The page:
As I write this, I am listening to the “Spring” portion of Vivaldi’s The Four Seasons. I have been listening to this excellent piece of music for most of my life, and it never gets old.

It seemed like a long winter, and I think we are all happy spring is with us. One activity we can all enjoy now that it’s warming up is photography, particularly nature photography.

In late March my peaches were blooming, but now my cherry trees are taking their turn. I also very much enjoy the lilacs and irises blooming in my neighborhood.

Photographing flowering plants may seem straightforward, but I see people make a common mistake over and over: pointing their cameras straight down at flowers. The problem with this is that flowers aren’t very tall, so when we look straight down, the background is quite close, and these images end up being very cluttered.

Most of the time, I like to get down to eye level with flowers. If the background is the tree line 100 yards away, it becomes much easier to use selective focus to throw the background pleasantly out of focus.

A notable exception is trees — redbuds have been particularly dominant this year, such that very many of my friends on social media have been posting their redbud photos.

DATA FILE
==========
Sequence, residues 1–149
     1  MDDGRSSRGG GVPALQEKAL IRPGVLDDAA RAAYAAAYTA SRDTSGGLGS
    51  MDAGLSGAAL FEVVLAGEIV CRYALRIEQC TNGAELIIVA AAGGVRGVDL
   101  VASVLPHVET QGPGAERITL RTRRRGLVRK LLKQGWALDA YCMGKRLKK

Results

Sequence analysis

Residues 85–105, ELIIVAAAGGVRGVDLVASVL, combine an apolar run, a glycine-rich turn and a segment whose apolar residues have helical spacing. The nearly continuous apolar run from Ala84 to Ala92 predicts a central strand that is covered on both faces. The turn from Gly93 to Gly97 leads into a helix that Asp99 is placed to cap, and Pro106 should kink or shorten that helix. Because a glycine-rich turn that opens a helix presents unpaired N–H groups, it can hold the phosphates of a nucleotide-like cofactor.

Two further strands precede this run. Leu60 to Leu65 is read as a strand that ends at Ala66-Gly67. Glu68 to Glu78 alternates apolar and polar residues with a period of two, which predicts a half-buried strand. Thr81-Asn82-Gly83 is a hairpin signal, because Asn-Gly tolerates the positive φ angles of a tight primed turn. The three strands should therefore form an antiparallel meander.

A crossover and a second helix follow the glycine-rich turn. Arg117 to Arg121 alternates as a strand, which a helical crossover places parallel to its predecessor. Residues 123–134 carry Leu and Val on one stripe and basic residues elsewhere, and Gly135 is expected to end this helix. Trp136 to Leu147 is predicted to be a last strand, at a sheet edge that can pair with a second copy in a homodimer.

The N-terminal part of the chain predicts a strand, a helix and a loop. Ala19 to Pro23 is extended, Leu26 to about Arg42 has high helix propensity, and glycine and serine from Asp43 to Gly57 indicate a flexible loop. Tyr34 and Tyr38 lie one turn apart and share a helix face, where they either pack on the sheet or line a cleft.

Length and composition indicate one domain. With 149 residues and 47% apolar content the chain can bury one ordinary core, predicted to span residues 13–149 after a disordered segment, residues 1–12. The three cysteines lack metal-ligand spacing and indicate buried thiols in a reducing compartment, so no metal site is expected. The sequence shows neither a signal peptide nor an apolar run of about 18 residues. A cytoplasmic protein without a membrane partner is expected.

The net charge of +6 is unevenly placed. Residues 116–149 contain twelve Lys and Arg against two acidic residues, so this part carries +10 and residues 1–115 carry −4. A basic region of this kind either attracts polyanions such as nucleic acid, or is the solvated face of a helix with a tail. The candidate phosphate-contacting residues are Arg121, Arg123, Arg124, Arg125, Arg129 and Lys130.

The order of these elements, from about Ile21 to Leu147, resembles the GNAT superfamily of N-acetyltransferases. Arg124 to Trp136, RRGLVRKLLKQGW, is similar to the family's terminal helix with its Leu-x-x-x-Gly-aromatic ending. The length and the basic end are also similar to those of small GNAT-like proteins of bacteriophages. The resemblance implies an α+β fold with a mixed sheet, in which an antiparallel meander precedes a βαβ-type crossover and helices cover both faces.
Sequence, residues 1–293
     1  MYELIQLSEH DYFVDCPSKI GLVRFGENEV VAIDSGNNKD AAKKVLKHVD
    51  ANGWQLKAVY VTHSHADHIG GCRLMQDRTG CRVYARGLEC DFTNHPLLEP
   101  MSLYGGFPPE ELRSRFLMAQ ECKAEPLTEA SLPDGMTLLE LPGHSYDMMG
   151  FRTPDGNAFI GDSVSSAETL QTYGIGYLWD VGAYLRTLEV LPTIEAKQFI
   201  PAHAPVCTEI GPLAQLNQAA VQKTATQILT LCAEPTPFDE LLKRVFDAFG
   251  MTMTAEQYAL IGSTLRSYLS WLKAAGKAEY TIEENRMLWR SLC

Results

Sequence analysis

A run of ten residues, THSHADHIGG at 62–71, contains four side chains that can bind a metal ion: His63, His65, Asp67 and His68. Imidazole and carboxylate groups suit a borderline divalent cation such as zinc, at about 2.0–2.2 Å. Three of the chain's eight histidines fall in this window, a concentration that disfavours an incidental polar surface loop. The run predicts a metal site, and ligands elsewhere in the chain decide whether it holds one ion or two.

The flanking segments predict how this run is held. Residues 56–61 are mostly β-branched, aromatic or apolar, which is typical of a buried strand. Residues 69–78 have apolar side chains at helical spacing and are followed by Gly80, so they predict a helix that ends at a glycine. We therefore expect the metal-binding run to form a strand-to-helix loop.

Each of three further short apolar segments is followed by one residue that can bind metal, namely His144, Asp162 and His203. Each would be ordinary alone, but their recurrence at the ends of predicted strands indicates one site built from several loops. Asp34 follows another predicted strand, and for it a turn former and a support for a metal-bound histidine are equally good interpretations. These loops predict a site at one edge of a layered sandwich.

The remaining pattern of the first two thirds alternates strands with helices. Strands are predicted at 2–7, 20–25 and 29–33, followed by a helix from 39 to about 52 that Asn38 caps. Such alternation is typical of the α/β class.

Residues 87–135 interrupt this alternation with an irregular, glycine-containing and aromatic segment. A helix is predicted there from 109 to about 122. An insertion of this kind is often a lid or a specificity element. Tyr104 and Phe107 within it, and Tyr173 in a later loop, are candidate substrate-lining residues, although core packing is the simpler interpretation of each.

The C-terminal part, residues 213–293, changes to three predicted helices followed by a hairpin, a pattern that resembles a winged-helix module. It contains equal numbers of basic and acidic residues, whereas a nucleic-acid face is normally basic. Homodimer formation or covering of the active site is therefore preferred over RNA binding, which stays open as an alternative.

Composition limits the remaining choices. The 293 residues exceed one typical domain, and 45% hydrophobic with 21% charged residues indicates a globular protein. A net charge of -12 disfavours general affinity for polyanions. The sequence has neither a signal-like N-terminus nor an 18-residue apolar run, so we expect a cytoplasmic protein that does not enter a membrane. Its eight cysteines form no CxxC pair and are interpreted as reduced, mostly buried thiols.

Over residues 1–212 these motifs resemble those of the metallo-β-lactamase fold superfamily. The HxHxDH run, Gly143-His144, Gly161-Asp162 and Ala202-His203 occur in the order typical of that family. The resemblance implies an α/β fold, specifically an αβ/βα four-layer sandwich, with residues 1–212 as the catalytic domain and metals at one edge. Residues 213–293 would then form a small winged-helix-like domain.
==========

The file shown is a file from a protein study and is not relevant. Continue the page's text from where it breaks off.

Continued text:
A macro lens is nice for tiny flowers, but I also love a good large-maximum-aperture prime lens like a 50mm f/1.4 or an 85mm f/1.8. Both are capable of creating striking backgrounds when used at or near their maximum apertures.

Lighting is key as well. I seldom get truly gorgeous flower photos at midday and prefer to prowl our patch of green in the evening. I always have a camera with me when I walk the wolfhound, and there is always a camera nearby when I work in the yard.

Spring evenings are beautiful.

Richard R. Barron | The Ada News

Chief Photographer

Richard R. Barron is Chief Photographer for The Ada News. Richard has been at the News since October 1988. Prior to coming to Ada, Richard worked as staff photographer for The Shawnee News-Star. Richard attended Oklahoma University.